Gene Wolfe continues to play with the nature of narrators in his mostly notional new novel A Borrowed Man, a middling murder mystery explicated from the perspective of a posthumous author pretending to be a detective.
The story starts with Colette Coldbrook: sweetheart teacher, well-spoken socialite and, in the early parts of the narrative, something of a survivor. A year or so ago, she suddenly lost her mother; a little later, her father suffered a suspicious heart attack; and in the aftermath of that latter’s passing, her beloved brother was straight-up strangled. She has no-one to turn to, now, and so many questions—not least about the unassuming book Conrad Coldbrook Junior found in Conrad Coldbrook Senior’s safe.
Colette believes—with good reason, even—that Murder on Mars may be the key to understanding what happened to her family, and perhaps why, but beyond that, she doesn’t have a clue what to do. The thought of reading this fictional fossil doesn’t cross her ultra-modern mind for a minute. Instead, she does the other obvious thing: she rents out a so-called “reclone” of the author of the novel, E. A. Smithe, from her local library, and asks him to do the dirty work.
Now it might be that Smithe comes complete with most of his long-dead predecessor’s memories, but he doesn’t remember much about Murder on Mars—and to make matters worse, he’s a copy of a crime writer rather than anything resembling a detective himself.
I was not the man I thought I was, the one whose name I used—whose name I still use right now, for that matter. I was somebody else, a kid who had been grown from that guy’s DNA and loaded up with his memories, phony memories of things that never happened to me and never could happen to me.
Thus, the investigation into the curious case of the Coldbrooks proceeds in frustrating fits and stuttering starts, regularly interrupted by Smithe’s soul-searching and set back substantially when Colette is (apparently) kidnapped. “The more I thought about it the surer I got that there was something funny going on, but I could not even guess what it was.”
Despite his mounting doubts, Smithe eventually rededicates himself to the task at hand, largely because life in the library of Wolfe’s morally abhorrent future milieu is such an awful prospect:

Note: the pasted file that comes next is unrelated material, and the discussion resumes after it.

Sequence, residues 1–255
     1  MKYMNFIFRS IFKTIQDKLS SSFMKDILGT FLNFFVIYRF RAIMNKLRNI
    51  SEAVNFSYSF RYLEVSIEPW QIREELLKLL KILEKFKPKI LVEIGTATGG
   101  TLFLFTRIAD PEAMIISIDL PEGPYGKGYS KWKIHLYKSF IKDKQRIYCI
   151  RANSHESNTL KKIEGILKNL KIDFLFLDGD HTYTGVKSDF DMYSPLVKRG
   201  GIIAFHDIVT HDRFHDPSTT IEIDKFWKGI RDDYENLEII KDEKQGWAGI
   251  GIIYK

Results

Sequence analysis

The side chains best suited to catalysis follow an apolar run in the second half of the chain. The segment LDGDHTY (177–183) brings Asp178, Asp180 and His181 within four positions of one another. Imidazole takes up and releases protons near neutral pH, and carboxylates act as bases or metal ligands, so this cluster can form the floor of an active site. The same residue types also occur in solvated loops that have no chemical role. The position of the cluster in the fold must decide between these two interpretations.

The world population is down to about one billion, but a lot of people want it lower still—a few hundred million. Reclones add to the population. Not a lot, but we’re different and stand out. There’s political pressure against recloning. To escape the pressure as much as possible, the libraries have to treat us like things, like books or tapes, and destroy us in some fashion when we’re no longer useful. Burning is painful, but quick. They could starve us to death or see to it that we died of thirst.
It’s only when Smithe happens upon testimony suggesting that the skulduggery surrounding the Coldbrook killings has more to do with “the fundamental nature of space” than it does Murder on Mars that a modicum of headway is made into A Borrowed Man‘s central dilemma, and from that point on, the unpicking of the mystery proceeds predictably—albeit with intermittent episodes which insinuate a narrative straight out of something by Stephen Baxter.
These threads are essentially irrelevant, however; and they aren’t the only red herrings Wolfe waves around. In truth, too much of A Borrowed Man is meandering misdirection. Do away with these distractions, as the denouement does, and what’s left seems so insubstantial I imagine most authors would struggle to structure a short story around the elements that actually matter.
That isn’t to say Wolfe’s latest lacks reasons to recommend it. That the novel’s narrative voice—if not necessarily its aimless narrator—is far and away the most fascinating thing about the fiction is at least an intellectually interesting extension of the ideas the award-winning author has been worrying away at since The Book of the New Sun:
I wrote mysteries and crime fiction, you see; so many of my characters used a great deal of slang and made egregious grammatical errors. To prevent any confusion, between their conversations and my narration, I made the latter rather stiff and formal. […] The authorities responsible for the creation of my reclones—of whom I myself am one—appear to have supposed that I habitually spoke in this style.
Add to that metafictional flourish the text’s setting, which is subtly rendered and tremendously unsettling, not least when we learn that “people who had really serious stuff wrong with them, like they were blind and could not be fixed, were tucked away out of sight so they would not ruin the view for the healthy and practically perfect fully humans.” Alas, like so much of A Borrowed Man, its world, however independently impressive, is effectively window dressing—diverting, but deceptive.
Niall Alexander is an extra-curricular English teacher who reads and writes about all things weird and wonderful for The Speculative Scotsman, Strange Horizons and Tor.com. He lives with about a bazillion books, his better half and a certain sleekit wee beastie in the central belt of bonnie Scotland.